Kaplan, D. L. ; Stovall, K. ; Ransom, S. M. ; Roberts, Mallory ; Kotulla, R. ; Archibald, A. M. ; Biwer, C. M. ; Boyles, J. ; Dartez, L. ; Day, D. F. ; Ford, A. J. ; Garcia, A. ; Hessels, J. W.T. ; Jenet, F. A. ; Karako, C. ; Kaspi, V. M. ; Kondratiev, V. I. ; Lorimer, D. R. ; Lynch, R. S. ; McLaughlin, M. A. ; Rohr, M. D.W. ; Siemens, X. ; Stairs, I. H. ; Van Leeuwen, J. / Discovery of the optical/ultraviolet/gamma-ray counterpart to the eclipsing millisecond pulsar J1816+4510. In: Astrophysical Journal. 2012 ; Vol. 753, No. 2.
@article{f312e6aae77441f3bdf46981ad5d0ee7,
title = "Discovery of the optical/ultraviolet/gamma-ray counterpart to the eclipsing millisecond pulsar J1816+4510",
abstract = "The energetic, eclipsing millisecond pulsar J1816+4510 was recently discovered in a low-frequency radio survey with the Green Bank Telescope. With an orbital period of 8.7hr and a minimum companion mass of 0.16M ⊙, it appears to belong to an increasingly important class of pulsars that are ablating their low-mass companions. We report the discovery of the γ-ray counterpart to this pulsar and present a likely optical/ultraviolet counterpart as well. Using the radio ephemeris, we detect pulsations in the unclassified γ-ray source 2FGL J1816.5+4511, implying an efficiency of 25{\%} in converting the pulsar's spin-down luminosity into γ-rays and adding PSR J1816+4510 to the large number of millisecond pulsars detected by Fermi. The likely optical/UV counterpart was identified through position coincidence (<01) and unusual colors. Assuming that it is the companion, with R = 18.27 ± 0.03mag and effective temperature ≳ 15,000K, it would be among the brightest and hottest of low-mass pulsar companions and appears qualitatively different from other eclipsing pulsar systems. In particular, current data suggest that it is a factor of two larger than most white dwarfs of its mass but a factor of four smaller than its Roche lobe. We discuss possible reasons for its high temperature and odd size, and suggest that it recently underwent a violent episode of mass loss. Regardless of origin, its brightness and the relative unimportance of irradiation make it an ideal target for a mass, and hence a neutron star mass, determination.",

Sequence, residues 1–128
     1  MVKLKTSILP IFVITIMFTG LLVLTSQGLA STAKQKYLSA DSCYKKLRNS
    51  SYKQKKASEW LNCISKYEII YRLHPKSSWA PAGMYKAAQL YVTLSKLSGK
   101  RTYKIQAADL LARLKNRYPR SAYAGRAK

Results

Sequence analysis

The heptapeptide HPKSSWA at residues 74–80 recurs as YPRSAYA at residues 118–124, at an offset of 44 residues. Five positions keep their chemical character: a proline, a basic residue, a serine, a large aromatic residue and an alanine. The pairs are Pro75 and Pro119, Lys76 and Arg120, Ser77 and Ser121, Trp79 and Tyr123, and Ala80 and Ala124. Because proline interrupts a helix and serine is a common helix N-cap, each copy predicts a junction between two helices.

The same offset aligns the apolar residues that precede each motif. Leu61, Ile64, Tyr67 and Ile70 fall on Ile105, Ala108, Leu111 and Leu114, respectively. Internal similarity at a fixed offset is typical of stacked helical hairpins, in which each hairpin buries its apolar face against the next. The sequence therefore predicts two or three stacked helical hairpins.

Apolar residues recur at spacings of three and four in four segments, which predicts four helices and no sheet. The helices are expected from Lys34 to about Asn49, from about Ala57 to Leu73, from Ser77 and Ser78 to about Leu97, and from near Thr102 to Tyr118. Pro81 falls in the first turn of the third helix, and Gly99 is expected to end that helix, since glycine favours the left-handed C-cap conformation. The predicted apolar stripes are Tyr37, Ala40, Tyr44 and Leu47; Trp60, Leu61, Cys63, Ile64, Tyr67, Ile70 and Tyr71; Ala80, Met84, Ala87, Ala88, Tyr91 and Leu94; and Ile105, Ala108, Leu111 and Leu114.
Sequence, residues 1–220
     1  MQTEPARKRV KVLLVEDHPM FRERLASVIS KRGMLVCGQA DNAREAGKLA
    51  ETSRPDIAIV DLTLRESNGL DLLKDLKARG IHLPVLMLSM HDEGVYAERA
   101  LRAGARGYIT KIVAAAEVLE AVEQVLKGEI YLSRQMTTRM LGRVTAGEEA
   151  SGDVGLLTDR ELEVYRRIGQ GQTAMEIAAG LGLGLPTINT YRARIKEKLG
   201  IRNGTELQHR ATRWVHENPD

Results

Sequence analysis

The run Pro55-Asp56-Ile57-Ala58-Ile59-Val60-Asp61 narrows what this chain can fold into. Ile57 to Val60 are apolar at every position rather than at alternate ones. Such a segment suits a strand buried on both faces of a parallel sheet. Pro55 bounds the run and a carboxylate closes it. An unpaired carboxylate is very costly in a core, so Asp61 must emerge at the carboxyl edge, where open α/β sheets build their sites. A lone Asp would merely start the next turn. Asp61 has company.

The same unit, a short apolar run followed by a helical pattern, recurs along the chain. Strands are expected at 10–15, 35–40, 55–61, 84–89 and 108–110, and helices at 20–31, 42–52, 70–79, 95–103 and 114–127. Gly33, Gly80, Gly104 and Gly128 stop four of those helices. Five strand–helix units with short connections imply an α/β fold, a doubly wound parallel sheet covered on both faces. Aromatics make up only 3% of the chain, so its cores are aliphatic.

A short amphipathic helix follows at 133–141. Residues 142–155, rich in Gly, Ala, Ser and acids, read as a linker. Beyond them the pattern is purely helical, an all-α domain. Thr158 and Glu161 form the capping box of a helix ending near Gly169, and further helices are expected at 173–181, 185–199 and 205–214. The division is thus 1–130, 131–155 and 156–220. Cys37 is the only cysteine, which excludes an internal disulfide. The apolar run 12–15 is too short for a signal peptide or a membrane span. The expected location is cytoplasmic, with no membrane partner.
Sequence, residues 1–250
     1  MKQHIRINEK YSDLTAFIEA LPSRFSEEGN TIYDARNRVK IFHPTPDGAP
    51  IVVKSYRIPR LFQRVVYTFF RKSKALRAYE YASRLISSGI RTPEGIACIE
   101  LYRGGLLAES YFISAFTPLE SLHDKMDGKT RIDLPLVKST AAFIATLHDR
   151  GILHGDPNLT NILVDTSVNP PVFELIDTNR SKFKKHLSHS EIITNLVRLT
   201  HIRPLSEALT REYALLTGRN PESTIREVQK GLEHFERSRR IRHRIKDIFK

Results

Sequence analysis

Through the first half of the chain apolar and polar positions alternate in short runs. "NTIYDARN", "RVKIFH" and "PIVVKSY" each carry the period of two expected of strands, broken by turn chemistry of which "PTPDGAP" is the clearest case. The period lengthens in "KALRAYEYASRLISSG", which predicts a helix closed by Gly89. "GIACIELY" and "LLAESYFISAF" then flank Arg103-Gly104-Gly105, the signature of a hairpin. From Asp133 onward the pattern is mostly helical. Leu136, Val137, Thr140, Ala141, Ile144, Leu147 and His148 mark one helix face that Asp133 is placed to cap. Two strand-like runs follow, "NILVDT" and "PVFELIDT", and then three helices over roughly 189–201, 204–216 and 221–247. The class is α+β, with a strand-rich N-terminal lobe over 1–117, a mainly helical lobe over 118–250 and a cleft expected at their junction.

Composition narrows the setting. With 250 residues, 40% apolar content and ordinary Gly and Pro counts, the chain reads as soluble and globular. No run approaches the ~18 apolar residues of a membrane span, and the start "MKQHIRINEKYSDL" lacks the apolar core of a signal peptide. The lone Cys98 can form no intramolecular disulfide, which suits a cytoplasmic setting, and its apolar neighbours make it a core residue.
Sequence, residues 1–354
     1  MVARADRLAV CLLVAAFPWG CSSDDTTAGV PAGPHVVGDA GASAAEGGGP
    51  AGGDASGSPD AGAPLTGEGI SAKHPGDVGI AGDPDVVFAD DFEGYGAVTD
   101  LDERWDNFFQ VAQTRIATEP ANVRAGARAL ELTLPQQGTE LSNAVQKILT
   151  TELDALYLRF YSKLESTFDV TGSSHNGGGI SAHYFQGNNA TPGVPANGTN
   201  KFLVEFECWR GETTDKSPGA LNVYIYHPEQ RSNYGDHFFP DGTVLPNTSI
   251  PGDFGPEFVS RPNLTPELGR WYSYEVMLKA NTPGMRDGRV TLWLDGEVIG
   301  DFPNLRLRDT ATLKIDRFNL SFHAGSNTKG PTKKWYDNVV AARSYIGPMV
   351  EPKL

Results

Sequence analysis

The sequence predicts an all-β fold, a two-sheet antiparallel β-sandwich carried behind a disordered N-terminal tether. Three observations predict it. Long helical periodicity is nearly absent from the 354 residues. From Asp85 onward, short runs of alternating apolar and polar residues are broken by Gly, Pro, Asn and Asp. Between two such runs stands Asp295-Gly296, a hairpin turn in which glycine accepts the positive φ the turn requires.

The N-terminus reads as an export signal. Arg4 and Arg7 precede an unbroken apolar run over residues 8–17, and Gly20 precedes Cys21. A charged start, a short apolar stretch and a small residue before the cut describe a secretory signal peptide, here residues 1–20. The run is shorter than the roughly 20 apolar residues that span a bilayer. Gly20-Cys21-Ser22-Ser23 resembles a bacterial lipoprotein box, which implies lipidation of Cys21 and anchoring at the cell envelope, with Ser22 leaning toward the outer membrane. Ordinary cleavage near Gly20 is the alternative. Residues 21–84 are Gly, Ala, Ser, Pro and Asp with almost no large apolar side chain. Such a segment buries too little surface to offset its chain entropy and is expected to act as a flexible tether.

keywords = "binaries: eclipsing, gamma rays: stars, ultraviolet: stars, white dwarfs",
author = "Kaplan, {D. L.} and K. Stovall and Ransom, {S. M.} and Mallory Roberts and R. Kotulla and Archibald, {A. M.} and Biwer, {C. M.} and J. Boyles and L. Dartez and Day, {D. F.} and Ford, {A. J.} and A. Garcia and Hessels, {J. W.T.} and Jenet, {F. A.} and C. Karako and Kaspi, {V. M.} and Kondratiev, {V. I.} and Lorimer, {D. R.} and Lynch, {R. S.} and McLaughlin, {M. A.} and Rohr, {M. D.W.} and X. Siemens and Stairs, {I. H.} and {Van Leeuwen}, J.",
year = "2012",
month = "7",
day = "10",
doi = "10.1088/0004-637X/753/2/174",
language = "English (US)",
volume = "753",
journal = "Astrophysical Journal",
issn = "0004-637X",
publisher = "IOP Publishing Ltd.",
number = "2",

}

TY - JOUR

T1 - Discovery of the optical/ultraviolet/gamma-ray counterpart to the eclipsing millisecond pulsar J1816+4510

AU - Kaplan, D. L.

AU - Stovall, K.

AU - Ransom, S. M.

AU - Roberts, Mallory

AU - Kotulla, R.

AU - Archibald, A. M.

AU - Biwer, C. M.

AU - Boyles, J.

AU - Dartez, L.

AU - Day, D. F.

AU - Ford, A. J.

AU - Garcia, A.

AU - Hessels, J. W.T.

AU - Jenet, F. A.

AU - Karako, C.

AU - Kaspi, V. M.

AU - Kondratiev, V. I.

AU - Lorimer, D. R.

AU - Lynch, R. S.

AU - McLaughlin, M. A.

AU - Rohr, M. D.W.

AU - Siemens, X.

AU - Stairs, I. H.

AU - Van Leeuwen, J.